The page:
Kiwi consumers are less financially stressed than Australians despite rising interest rates, a survey has found. Credit agency Dun and Bradstreet's NZ consumer financial stress index dropped last month to its lowest level since January 2012, as expanding jobs offset the first rise in official interest rates since 2010.
New Zealand stress levels have been heading down since late 2012, closely tracking the falling unemployment rate.
In contrast, the same index in Australia went up sharply in 2011 when interest rates rose during the mining boom, and has stayed high as many workers lost their jobs when the boom collapsed. Financial stress levels there are now substantially higher than in New Zealand.
The index is based on the demand for, and availability of, consumer credit. The main drivers improving the NZ index are the frequency and quality of credit applications being submitted by consumers; changes in default volumes and bad debt; credit report inquiries; and business health, which flows through to job security and wages.
New Zealand's unemployment rate has been higher than Australia's since June 2009, peaking at 7.2 per cent in mid-2012, but is now coming down as Australian unemployment rises.
"A Reuters poll of 10 economists predicts New Zealand's unemployment rate for the March quarter, due out next week, will drop to 5.8 per cent, matching Australia's March figure.
Beyond that, ASB Bank economist Nick Tuffley said NZ unemployment was forecast to fall to 5.5 per cent by the end of this year and 5 per cent next year, while Australian unemployment was forecast to stay at around 6 per cent.
"Their unemployment is largely going sideways over the next two years, whereas we've still got a bit of a modest decline coming through in ours over time," he said.
"Although because we have a strong lift in immigration, certainly for the rest of this year, that has tempered the pace of decline simply because we have a lot more people available for work."
Mike Huddleston of temping agency Allied Workforce, said he hadn't seen any dampening of demand for labour since the Reserve Bank raised interest rates last month.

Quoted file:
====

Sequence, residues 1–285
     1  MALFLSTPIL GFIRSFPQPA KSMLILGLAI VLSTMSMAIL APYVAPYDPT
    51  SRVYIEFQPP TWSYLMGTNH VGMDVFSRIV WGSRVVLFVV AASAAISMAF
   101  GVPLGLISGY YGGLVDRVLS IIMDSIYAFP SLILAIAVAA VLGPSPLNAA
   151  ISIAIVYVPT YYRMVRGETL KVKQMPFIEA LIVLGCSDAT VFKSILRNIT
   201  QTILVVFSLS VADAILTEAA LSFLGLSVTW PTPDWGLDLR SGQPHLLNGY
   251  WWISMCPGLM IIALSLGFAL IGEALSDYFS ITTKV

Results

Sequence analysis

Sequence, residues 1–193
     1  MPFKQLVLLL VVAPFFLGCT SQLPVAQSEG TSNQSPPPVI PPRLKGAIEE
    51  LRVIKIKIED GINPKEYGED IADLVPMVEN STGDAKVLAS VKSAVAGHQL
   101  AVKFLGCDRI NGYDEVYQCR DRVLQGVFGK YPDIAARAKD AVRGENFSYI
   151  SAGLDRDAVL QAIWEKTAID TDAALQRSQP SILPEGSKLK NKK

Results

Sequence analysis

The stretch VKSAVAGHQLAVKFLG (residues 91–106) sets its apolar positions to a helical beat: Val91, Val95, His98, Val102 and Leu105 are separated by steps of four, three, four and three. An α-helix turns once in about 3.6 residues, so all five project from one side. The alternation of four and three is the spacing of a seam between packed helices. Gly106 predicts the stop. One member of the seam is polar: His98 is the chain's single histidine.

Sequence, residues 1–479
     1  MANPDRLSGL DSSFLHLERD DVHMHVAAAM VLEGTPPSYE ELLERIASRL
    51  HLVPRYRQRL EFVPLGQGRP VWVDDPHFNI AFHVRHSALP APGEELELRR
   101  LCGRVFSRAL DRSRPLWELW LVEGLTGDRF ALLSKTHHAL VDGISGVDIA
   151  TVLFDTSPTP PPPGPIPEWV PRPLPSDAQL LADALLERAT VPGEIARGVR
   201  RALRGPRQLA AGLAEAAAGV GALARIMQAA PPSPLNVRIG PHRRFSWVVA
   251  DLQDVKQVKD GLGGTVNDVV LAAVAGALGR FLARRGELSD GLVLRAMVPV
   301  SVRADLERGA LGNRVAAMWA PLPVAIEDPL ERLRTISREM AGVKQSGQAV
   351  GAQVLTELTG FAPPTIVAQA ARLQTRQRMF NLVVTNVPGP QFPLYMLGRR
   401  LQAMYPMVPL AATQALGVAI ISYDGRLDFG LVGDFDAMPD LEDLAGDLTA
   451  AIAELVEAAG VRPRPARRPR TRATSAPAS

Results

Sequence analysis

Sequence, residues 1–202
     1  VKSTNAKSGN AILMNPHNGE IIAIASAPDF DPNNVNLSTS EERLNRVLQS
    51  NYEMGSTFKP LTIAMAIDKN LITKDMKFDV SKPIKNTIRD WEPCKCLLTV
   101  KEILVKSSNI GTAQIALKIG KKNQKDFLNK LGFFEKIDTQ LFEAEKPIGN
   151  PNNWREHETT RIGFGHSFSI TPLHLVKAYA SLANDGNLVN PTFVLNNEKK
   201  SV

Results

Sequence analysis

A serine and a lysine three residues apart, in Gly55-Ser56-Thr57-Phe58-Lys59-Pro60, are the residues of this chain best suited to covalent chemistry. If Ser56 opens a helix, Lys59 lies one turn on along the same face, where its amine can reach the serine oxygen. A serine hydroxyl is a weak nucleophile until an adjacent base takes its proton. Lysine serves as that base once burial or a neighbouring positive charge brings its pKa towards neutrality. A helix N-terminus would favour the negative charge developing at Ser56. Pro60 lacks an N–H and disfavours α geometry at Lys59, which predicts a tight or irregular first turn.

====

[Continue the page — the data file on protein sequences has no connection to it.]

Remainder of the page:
"Two things we have seen are heavier demand from employers to take on temporary staff to their permanent workforces, and we're finding it much harder to find new ones. We have more positions than people to fill them - by miles."
But he said jobs were concentrated in Auckland and Christchurch and were still harder to find in the regions.
Consistent work comes right on time
With a baby due in the family next month, Joshua Fuiavailili Neria says finally getting a permanent job couldn't have come at a better time.
Mr Neria, 24, worked in various warehouse jobs at $13.50 an hour for three years, and six months ago found his current job at Husqvarna near Auckland Airport as a temp for Tradeforce Recruitment at $14.50 an hour.
After six months as a temp, he was offered a permanent job when a vacancy opened up last week. His pay rate has jumped to $20 an hour, and his financial stress has been suddenly relieved.
"It's really good news for our family - a permanent job and another baby due. Now with money there, I just thank the Lord," he said.
Although some family have moved to Australia, he is happy here. "I work for my family and my extended family, I don't work for myself."
He said he had been ready to do whatever work Tracdeforce offered.
"It was really hard, there were hardly any jobs, but every day I rang and begged for a job, any job," he said.
"They gave me a couple of jobs, even starting late at midnight or finishing at 3am. I even worked at a rubbish recycling place ... I still worked because I needed the money."
He and his partner already have a 6-year-old daughter, with a second daughter due on June 4. Mr Neria also supports his father, who was paralysed in a gang attack eight years ago, and sends money home to other relatives in Samoa.
He has also done a second job at McDonald's on Friday nights and Saturdays since he came back from two years in Samoa in 2010. His only day off is Sunday, when he goes to church.